I remember the first time I heard someone use the cliche about thinking outside the box. It was the end of the 1990’s, and I was in a senior level advanced technical writing class.
I had returned to school in the beginning of the decade after the unexpected but blessed arrival of my oldest son. I was trying to bring some respectability to my whole unwed, single bartender mom storyline.
Not really knowing what I wanted to do with my life besides be a good mom and get a couple initials to complement my high school diploma, I decided an English degree would be the path of least resistance to that end. I’d always had a knack for reading, writing, communication, etc.
And pursuit of that degree had provided a path of relatively little resistance until that fateful class. My mastery of BS’ing my way through endless Shakespeare essays was useless when it came to writing technical manuals.
I felt like I was trapped in an advanced mathematic or engineering class disguised as an upper level English course, and I was floundering.
So the professor had just handed out the paperwork related to our major project for the semester and was going over them as the class lecture. I was scanning and feeling immediately overwhelmed — the kind of overwhelmed that makes it hard to pay attention when you really need to be paying attention the most.
Suddenly I hear the professor say that we need to remember to think outside the box with this assignment. My immediate thought was quite literal: What box?! I didn’t see anything about boxes in the paperwork … what is she talking about and what did I miss?!
As I forced myself to hang on her every word for a few minutes, I began to realize she was speaking figuratively, which led to my next thought not that different from the first: What box?! Who the hell started a cliche comparing the human thought process to a box?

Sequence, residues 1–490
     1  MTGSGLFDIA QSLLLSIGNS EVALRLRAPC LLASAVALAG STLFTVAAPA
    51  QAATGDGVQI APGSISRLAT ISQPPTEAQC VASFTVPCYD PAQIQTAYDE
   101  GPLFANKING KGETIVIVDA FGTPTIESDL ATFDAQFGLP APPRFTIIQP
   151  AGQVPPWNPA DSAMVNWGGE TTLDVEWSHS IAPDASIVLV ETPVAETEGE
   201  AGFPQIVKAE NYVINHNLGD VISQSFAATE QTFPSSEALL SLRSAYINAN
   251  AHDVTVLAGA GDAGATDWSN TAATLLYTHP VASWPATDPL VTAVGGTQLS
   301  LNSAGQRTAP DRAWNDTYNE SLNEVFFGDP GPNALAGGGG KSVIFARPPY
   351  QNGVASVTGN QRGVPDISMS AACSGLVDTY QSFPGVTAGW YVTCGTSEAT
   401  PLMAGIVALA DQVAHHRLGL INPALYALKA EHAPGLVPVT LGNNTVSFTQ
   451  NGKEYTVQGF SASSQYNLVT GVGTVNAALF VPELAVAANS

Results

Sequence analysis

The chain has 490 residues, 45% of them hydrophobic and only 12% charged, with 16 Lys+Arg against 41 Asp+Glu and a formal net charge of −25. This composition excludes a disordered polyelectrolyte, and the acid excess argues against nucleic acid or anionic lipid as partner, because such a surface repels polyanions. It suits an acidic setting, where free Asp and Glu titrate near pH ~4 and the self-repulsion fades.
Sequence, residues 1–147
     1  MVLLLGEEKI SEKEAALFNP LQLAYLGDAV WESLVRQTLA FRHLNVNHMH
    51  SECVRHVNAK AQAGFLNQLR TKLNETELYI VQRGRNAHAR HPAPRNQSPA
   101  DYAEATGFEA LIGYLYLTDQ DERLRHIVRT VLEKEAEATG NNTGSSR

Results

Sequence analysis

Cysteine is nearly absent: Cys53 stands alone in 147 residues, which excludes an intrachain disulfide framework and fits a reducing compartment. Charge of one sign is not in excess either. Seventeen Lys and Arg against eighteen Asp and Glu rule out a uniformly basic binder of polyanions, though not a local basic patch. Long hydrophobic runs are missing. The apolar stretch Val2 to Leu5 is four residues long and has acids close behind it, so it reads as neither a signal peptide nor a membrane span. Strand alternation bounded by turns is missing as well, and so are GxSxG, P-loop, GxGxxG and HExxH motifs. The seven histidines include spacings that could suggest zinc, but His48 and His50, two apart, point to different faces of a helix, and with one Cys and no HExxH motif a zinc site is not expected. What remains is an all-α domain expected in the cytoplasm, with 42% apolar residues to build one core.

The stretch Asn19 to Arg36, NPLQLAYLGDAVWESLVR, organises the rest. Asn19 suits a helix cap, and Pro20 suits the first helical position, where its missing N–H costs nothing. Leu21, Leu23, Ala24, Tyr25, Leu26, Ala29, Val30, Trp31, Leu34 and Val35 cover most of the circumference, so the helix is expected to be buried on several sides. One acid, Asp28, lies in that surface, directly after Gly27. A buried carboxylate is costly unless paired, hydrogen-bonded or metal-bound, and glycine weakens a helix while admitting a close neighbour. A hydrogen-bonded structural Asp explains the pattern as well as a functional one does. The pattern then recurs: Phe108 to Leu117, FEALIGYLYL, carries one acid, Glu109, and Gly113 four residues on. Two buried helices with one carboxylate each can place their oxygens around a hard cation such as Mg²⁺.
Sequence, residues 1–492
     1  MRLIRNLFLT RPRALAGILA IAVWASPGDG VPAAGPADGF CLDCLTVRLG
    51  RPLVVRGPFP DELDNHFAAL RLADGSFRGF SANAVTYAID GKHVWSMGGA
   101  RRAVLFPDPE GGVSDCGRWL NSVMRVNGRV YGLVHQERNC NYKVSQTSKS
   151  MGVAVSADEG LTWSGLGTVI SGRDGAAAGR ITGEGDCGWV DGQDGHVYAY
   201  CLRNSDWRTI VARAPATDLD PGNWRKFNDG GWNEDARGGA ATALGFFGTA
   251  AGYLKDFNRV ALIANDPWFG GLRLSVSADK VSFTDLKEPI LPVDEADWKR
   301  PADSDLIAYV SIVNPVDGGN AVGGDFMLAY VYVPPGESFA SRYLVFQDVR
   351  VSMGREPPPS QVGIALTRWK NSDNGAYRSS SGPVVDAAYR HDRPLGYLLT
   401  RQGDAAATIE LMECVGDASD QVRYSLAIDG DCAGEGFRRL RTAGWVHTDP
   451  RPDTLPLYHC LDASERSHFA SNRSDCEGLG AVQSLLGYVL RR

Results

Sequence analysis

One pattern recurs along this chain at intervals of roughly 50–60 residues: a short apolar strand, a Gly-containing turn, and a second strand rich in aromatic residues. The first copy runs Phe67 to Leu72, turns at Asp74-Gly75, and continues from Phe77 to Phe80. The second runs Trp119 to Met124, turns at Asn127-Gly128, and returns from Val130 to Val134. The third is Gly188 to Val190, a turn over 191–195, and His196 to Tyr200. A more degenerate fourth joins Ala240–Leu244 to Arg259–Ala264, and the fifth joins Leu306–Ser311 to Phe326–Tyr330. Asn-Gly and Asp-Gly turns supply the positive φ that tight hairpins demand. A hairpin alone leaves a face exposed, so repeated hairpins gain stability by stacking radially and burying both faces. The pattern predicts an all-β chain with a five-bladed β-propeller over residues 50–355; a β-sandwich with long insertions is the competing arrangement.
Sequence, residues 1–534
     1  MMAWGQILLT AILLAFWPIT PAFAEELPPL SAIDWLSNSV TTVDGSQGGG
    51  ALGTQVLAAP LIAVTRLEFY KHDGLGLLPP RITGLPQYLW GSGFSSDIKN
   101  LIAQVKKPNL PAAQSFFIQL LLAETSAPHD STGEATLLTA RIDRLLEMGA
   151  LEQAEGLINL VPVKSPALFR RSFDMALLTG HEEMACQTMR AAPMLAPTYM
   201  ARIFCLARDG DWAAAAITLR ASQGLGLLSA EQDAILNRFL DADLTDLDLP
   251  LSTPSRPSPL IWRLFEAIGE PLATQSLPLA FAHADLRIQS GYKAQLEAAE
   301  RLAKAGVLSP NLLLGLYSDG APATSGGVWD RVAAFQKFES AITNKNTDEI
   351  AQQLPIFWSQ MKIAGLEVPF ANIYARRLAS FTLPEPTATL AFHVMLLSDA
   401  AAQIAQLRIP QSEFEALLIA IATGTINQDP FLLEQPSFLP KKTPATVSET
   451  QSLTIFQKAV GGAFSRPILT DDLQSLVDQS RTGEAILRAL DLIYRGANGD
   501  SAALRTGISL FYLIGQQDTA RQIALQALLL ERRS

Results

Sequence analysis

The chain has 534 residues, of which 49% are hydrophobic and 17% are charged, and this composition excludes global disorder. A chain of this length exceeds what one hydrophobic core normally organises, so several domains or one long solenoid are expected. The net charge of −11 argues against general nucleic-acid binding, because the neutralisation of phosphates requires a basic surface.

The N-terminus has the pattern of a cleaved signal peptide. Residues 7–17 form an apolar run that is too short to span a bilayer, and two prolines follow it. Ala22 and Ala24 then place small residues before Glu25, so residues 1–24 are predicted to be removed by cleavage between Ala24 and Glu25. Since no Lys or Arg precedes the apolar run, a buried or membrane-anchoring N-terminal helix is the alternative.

And why a box? Why not a sphere or any other shape since the shape in the cliche doesn’t particular matter to its meaning? (Obviously my distracted thought process during her lectures may have contributed to my floundering, but as usual I digress …)
Why tell this story of epic fumbling through part of my life? Because not too many years later I had the same epiphany concerning our our left/right framework for politics and promptly withdrew from the Democratic party.
Why do two diametrically opposed ideologies control our political process and policy? Why is the left/right debate more important than just solving our problems?
Does anyone really believe that either ideology, left to its own devices, is sufficient enough to solve the world’s problems? I know I don’t.
Citizens can’t afford to enable that counterproductive ideology war anymore, and the news cycle is rich with evidence of such.
Like the Katadhin Woods and Waters Monument debacle. Supporters pushed hard for the designation in the waning months of the Obama administration. Now opponents are pushing hard for the designation to be rescinded in the opening days of the Trump administration.
Now we’ve got federal officials spending tax dollars flying around doing reviews of Obama designations, and we’ve got our attorney general threatening to sue if the designation is rescinded — all of which amounts to a ginormous waste of time and a reopening of wounds created by the left/right tug-of-war.
The same script applies to the handling of health care. Under the Obama administration congressional Democrats crafted the Affordable Care Act behind closed doors with little Republican support. This act created the inevitable backlash fueling congressional Republicans to do the same thing now that they are in power.
Neither side has produced a health care plan that ensures health care coverage for all citizens, something 60 percent of Americans support.
Legislating by ideological pendulum swings isn’t sustainable regardless of the issue at hand, nor does such legislating lead to the kind of progress citizens desperately need. It’s time we started to think outside that box.